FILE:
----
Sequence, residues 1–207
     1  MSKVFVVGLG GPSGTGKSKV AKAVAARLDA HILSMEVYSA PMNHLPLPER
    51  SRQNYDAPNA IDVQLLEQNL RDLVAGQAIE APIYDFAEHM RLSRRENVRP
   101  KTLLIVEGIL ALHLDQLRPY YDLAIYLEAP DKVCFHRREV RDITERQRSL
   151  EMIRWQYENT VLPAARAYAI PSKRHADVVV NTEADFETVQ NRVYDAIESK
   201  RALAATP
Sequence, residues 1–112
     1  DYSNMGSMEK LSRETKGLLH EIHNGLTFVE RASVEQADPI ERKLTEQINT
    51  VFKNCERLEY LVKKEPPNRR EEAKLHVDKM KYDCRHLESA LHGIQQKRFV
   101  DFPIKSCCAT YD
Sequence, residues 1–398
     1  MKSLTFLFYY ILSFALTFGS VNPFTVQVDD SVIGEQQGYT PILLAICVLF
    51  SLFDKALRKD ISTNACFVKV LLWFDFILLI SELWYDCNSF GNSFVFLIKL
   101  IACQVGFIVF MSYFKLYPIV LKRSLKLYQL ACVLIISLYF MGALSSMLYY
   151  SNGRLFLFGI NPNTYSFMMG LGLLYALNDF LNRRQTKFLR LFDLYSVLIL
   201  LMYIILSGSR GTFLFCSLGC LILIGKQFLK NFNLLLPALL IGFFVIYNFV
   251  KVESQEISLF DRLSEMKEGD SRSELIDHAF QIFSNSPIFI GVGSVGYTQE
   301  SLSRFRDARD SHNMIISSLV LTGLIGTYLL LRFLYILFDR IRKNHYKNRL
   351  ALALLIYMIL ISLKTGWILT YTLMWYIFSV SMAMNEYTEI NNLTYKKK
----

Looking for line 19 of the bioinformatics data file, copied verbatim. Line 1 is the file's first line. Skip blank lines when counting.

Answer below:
   351  ALALLIYMIL ISLKTGWILT YTLMWYIFSV SMAMNEYTEI NNLTYKKK